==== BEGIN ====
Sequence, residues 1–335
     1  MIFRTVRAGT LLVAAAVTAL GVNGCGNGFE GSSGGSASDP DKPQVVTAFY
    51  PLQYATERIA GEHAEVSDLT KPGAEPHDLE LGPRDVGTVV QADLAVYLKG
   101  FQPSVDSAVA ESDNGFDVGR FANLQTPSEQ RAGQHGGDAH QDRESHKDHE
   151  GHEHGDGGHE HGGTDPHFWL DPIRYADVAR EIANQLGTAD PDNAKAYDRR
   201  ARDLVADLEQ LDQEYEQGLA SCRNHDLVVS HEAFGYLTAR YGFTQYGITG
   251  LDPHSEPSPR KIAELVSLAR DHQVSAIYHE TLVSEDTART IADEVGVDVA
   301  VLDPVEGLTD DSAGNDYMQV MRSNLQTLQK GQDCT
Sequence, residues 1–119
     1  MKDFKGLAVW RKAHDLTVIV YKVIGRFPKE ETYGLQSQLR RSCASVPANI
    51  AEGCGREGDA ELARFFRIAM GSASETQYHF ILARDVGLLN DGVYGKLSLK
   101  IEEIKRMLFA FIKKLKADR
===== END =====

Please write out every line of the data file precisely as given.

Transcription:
Sequence, residues 1–335
     1  MIFRTVRAGT LLVAAAVTAL GVNGCGNGFE GSSGGSASDP DKPQVVTAFY
    51  PLQYATERIA GEHAEVSDLT KPGAEPHDLE LGPRDVGTVV QADLAVYLKG
   101  FQPSVDSAVA ESDNGFDVGR FANLQTPSEQ RAGQHGGDAH QDRESHKDHE
   151  GHEHGDGGHE HGGTDPHFWL DPIRYADVAR EIANQLGTAD PDNAKAYDRR
   201  ARDLVADLEQ LDQEYEQGLA SCRNHDLVVS HEAFGYLTAR YGFTQYGITG
   251  LDPHSEPSPR KIAELVSLAR DHQVSAIYHE TLVSEDTART IADEVGVDVA
   301  VLDPVEGLTD DSAGNDYMQV MRSNLQTLQK GQDCT
Sequence, residues 1–119
     1  MKDFKGLAVW RKAHDLTVIV YKVIGRFPKE ETYGLQSQLR RSCASVPANI
    51  AEGCGREGDA ELARFFRIAM GSASETQYHF ILARDVGLLN DGVYGKLSLK
   101  IEEIKRMLFA FIKKLKADR